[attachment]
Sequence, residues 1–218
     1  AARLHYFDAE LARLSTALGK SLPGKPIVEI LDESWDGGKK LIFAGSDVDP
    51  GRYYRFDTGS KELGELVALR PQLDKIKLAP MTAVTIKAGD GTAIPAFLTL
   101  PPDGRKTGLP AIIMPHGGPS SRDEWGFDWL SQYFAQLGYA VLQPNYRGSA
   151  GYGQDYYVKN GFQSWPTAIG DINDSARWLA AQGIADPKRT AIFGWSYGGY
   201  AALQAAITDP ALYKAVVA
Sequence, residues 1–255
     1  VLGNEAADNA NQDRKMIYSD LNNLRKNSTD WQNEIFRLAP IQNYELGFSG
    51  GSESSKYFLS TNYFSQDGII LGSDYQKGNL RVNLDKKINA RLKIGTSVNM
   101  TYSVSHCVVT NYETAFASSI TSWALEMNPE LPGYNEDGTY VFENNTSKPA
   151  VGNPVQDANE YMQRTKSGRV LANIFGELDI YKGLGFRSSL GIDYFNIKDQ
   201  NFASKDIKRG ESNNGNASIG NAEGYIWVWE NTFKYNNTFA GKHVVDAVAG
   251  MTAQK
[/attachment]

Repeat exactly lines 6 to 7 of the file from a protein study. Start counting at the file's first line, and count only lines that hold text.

   201  AALQAAITDP ALYKAVVA
Sequence, residues 1–255